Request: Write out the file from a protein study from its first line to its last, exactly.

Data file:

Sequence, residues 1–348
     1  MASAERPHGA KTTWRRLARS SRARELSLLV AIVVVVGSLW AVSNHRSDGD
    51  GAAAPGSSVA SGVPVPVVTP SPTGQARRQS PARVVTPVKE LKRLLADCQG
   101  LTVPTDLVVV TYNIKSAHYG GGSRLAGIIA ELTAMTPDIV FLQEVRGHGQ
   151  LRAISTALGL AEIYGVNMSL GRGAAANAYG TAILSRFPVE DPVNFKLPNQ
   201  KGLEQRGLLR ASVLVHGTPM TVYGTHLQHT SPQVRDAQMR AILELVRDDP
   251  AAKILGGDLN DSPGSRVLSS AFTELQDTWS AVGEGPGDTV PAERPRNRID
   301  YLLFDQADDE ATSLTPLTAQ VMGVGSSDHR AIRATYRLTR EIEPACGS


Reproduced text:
Sequence, residues 1–348
     1  MASAERPHGA KTTWRRLARS SRARELSLLV AIVVVVGSLW AVSNHRSDGD
    51  GAAAPGSSVA SGVPVPVVTP SPTGQARRQS PARVVTPVKE LKRLLADCQG
   101  LTVPTDLVVV TYNIKSAHYG GGSRLAGIIA ELTAMTPDIV FLQEVRGHGQ
   151  LRAISTALGL AEIYGVNMSL GRGAAANAYG TAILSRFPVE DPVNFKLPNQ
   201  KGLEQRGLLR ASVLVHGTPM TVYGTHLQHT SPQVRDAQMR AILELVRDDP
   251  AAKILGGDLN DSPGSRVLSS AFTELQDTWS AVGEGPGDTV PAERPRNRID
   301  YLLFDQADDE ATSLTPLTAQ VMGVGSSDHR AIRATYRLTR EIEPACGS